Shropshire Council refuses to defend A&E at Royal Shrewsbury Hospital

Press Release 28/04/2014

At last Friday’s Shropshire Health and Wellbeing Board, the Chair, Karen Calder, the Cabinet Member for Health, refused to commit Shropshire Council to supporting the continuation of an Accident and Emergency service at the Royal Shrewsbury Hospital, or at anywhere else in the local authority’s area.


The head of the Shropshire Clinical Commissioning Group, Caron Morton, confirmed at the meeting that the NHS ‘Future Fit’ programme, conducted jointly by the Shropshire and Telford and Wrekin CCGs, planned to have only a single Emergency Department in the near future – meaning either the RSH A&E or the PRH A&E in Telford will close or provide a greatly reduced service.

Councillor Calder attacked the unanimous decision of the Telford and Wrekin Council to support keeping a full 24-hour A&E service at the PRH in Telford.

She said “I don’t think it’s been terribly helpful, with the position that Telford and Wrekin have taken, and I think we have to bear in mind that it is a political stance that they’ve taken.”

The decisions about emergency care will be taken soon. While the Future Fit programme is delaying consultation on its overall plans until after the General Election next year, decisions about emergency care will be taken much earlier.

The claim from NHS bosses is that a single Emergency Department will be backed up by ‘some Urgent Care Centres’ – but their plans don’t seem to have gone much further than closing down an A&E.

The current state of planning, as presented through Healthwatch organised briefings, shows that Urgent Care Centres are little more than an idea at present. There is currently no inkling about how many there will be, nor where they will be located – apart from a bizarre suggestion in one Future Fit meeting that we can’t have them in Ludlow or Oswestry, because we don’t want patients from other counties using them! Urgent Care Centre opening hours are uncertain – no guarantee that they will be open the 24 by 7 required for meaningful ‘urgent care’. There is no idea how they will be staffed: maybe just by nurse practitioners, maybe by GPs, but not by the highly skilled consultants found in A&E’s. There is no idea yet how patients will get to the Centres, as there is no current commitment to have them served by ambulances. Importantly, there is no commitment to adequate funding. As things stand, patients have no way of knowing if they can possibly replace an A&E department.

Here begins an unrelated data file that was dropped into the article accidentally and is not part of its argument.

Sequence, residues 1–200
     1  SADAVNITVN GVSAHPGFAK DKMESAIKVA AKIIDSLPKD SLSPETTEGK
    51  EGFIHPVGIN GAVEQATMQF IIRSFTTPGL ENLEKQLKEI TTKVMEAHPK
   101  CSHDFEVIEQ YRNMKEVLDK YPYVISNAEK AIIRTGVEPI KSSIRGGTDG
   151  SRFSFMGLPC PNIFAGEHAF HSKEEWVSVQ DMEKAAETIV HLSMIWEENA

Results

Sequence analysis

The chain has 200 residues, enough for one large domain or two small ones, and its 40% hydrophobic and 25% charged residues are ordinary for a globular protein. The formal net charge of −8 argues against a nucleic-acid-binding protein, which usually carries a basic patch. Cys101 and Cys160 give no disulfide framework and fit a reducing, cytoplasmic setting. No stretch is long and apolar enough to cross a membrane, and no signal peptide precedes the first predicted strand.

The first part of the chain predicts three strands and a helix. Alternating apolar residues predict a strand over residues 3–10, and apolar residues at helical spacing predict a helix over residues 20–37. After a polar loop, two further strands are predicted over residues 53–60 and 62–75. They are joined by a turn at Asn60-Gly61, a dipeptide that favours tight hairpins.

Gill George, the Chair of Shropshire Defend our NHS, said:

“I was shocked at the briefings to learn how little the alternative vision had been developed when we are already on a roller coaster to closing one of the A&E’s. I don’t believe the decision to rush through the closure or down-grading of A&E’s is dictated by patients’ needs. The local NHS is making cuts of £8.6 million this year, and the Shropshire and Telford Hospital NHS Trust delayed setting their budget this year because they were facing a £6.2 million shortfall. That’s the real reason they are pushing this A&E closure through.

“I’m also shocked by the complacency shown by Shropshire Council. Patients, particularly from the West and South West of the county, already have dangerously long ambulance travel times to RSH. Making those times longer, if patients have to go to Telford, will risk peoples’ lives.

“I expect the Council to stand up for patients, just as Telford and Wrekin have done. We cannot support a closure or downgrading of either A&E when plans for alternative future provisions are no more than hot air.”


One response to “Shropshire Council refuses to defend A&E at Royal Shrewsbury Hospital

  1. Surely the best way to save money, and yet still provide adequate healthcare (including life-saving A&E) across the county, would be to maintain full A&E in BOTH hospitals but rationalise non-urgent care. For example, all Physiotherapy clinics could be based at one hospital while all Eye clinics based at the other. For the majority of people who use the Hospitals but don’t live in either Shrewsbury or Telford, it doesn’t much matter which one they go to for their clinic appointments if you have to drive there. Another example might be all Paediatric care at one, all Stroke care at the other. The point being that urgent, potentially life saving, A&E care should be available as close as possible to everyone in the county, if your condition is not urgent then, by definition, you are unlikely to come to any harm by travelling a few extra miles.

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